If the feature type and feature index received from routing database 150 are valid and the feature type is not an exit code, then routing engine 140 returns to step 164, where the SLP corresponding to the next feature type is invoked. This recursive process continues until the exit code is received as the next feature type.
In this example, the next feature type is "2" and the next feature index is "2." Routing engine 140 therefore invokes SLP 144, the service logic program corresponding to feature type "2." This SLP checks a system clock to determine the current time of day, in this example 1:00 pm. Routing engine 140 then refers to routing database 150 to determine the next feature type and the next feature index. Because the current feature type is "2," routing engine 140 refers to Table 2. With a feature index of "2" and a current time of 11:00 am, routing engine 140 determines that the next feature type is "3" and the next feature index is "1."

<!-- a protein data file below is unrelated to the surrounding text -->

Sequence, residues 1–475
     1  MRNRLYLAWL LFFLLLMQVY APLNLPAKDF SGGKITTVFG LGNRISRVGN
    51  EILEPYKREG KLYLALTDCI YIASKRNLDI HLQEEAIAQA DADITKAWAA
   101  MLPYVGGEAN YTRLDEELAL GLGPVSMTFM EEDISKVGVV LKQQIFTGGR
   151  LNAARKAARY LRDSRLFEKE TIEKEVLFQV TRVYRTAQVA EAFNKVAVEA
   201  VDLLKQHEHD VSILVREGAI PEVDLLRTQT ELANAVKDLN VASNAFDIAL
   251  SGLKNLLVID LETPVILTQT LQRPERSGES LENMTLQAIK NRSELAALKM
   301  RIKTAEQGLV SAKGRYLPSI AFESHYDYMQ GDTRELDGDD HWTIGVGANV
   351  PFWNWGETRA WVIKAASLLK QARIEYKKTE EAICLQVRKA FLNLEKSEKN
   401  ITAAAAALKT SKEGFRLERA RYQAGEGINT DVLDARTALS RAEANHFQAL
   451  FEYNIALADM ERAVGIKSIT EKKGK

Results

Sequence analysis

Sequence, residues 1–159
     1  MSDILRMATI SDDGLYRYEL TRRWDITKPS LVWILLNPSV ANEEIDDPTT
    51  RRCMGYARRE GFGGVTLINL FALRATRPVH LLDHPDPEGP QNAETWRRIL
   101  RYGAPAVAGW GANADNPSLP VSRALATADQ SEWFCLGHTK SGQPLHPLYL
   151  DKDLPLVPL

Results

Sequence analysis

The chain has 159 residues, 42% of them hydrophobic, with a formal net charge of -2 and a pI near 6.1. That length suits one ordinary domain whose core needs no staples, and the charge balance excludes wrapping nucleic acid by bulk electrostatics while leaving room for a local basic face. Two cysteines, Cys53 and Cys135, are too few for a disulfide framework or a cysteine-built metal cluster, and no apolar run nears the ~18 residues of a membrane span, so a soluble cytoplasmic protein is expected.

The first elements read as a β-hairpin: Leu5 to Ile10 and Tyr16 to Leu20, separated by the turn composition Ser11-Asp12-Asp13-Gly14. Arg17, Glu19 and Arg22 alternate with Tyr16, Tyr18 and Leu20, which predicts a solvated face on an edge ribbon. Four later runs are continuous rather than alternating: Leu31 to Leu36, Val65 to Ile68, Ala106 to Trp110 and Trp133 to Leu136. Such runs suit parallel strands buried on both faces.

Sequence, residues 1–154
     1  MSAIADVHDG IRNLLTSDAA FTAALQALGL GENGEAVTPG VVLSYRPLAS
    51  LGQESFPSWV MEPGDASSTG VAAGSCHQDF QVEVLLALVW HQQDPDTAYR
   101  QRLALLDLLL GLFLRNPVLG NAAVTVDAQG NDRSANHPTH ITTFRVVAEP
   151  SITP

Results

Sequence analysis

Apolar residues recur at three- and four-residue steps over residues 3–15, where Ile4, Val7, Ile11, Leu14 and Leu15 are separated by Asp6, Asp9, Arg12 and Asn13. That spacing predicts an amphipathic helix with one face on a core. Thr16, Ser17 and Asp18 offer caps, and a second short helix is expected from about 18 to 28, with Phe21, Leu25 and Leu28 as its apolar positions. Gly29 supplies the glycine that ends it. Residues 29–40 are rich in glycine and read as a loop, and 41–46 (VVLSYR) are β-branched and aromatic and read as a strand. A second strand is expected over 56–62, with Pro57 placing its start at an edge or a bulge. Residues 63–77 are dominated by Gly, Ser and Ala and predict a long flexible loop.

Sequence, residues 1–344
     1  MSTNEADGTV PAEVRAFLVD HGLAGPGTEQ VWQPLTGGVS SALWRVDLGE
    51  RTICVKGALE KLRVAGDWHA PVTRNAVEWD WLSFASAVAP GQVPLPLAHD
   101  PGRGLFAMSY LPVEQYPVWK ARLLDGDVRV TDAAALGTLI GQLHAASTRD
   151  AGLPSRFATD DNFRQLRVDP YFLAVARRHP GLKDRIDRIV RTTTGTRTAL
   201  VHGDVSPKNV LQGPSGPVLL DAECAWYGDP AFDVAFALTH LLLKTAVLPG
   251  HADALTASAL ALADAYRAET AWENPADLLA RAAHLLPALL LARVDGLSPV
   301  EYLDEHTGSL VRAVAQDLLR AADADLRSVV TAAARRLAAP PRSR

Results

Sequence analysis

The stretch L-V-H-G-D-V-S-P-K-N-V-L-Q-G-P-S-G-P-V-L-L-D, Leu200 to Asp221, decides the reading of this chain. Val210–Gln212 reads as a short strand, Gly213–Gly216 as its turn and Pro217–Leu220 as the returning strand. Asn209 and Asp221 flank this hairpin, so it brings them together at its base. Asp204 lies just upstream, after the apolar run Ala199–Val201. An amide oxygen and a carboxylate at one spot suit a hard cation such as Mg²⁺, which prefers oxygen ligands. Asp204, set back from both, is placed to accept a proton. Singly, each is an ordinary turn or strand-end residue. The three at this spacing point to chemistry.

Note that, in Table 2, a (current) feature index of "2" corresponds to Saturday. Thus, the two time ranges specified for routing are 12:00 pm to 5:00 pm and all other times. For a feature index of "1," corresponding to Monday through Friday, different time ranges are specified, reflecting the different staffing hours on weekdays.
Returning to the present example, with a next feature type of "3" and a next feature index of "1," routing engine invokes SLP 146 corresponding to feature type "3." This SLP determines whether the incoming call is a long distance call. To make this determination, SLP 146 must receive the area code of the caller. This information is normally available to service control point 104, and may be passed to routing engine 140 at invocation. With this information, SLP 146 may refer to a geographic database 149 to determine whether the area code of the caller indicates that the incoming call is long distance or not. The result is returned to routing engine 140, which then refers to Table 3 of routing database 150 to determine the next feature type and next feature index. In this example, the call is local, and therefore the next feature type is "0" and the next feature index is "1."
When routing engine 140 receives a next feature type of "0," it determines at step 174 that an exit code has been received. Routing engine 140 therefore returns the value of the next feature index, in this case "1." This value may be used by other SLPs 148 to accomplish further routing of the call. In this example, the value "1" causes the call to be connected to call center's main number, whereas a value "2," corresponding to an after-hours long-distance call, would cause the call to be routed to a voice mail facility.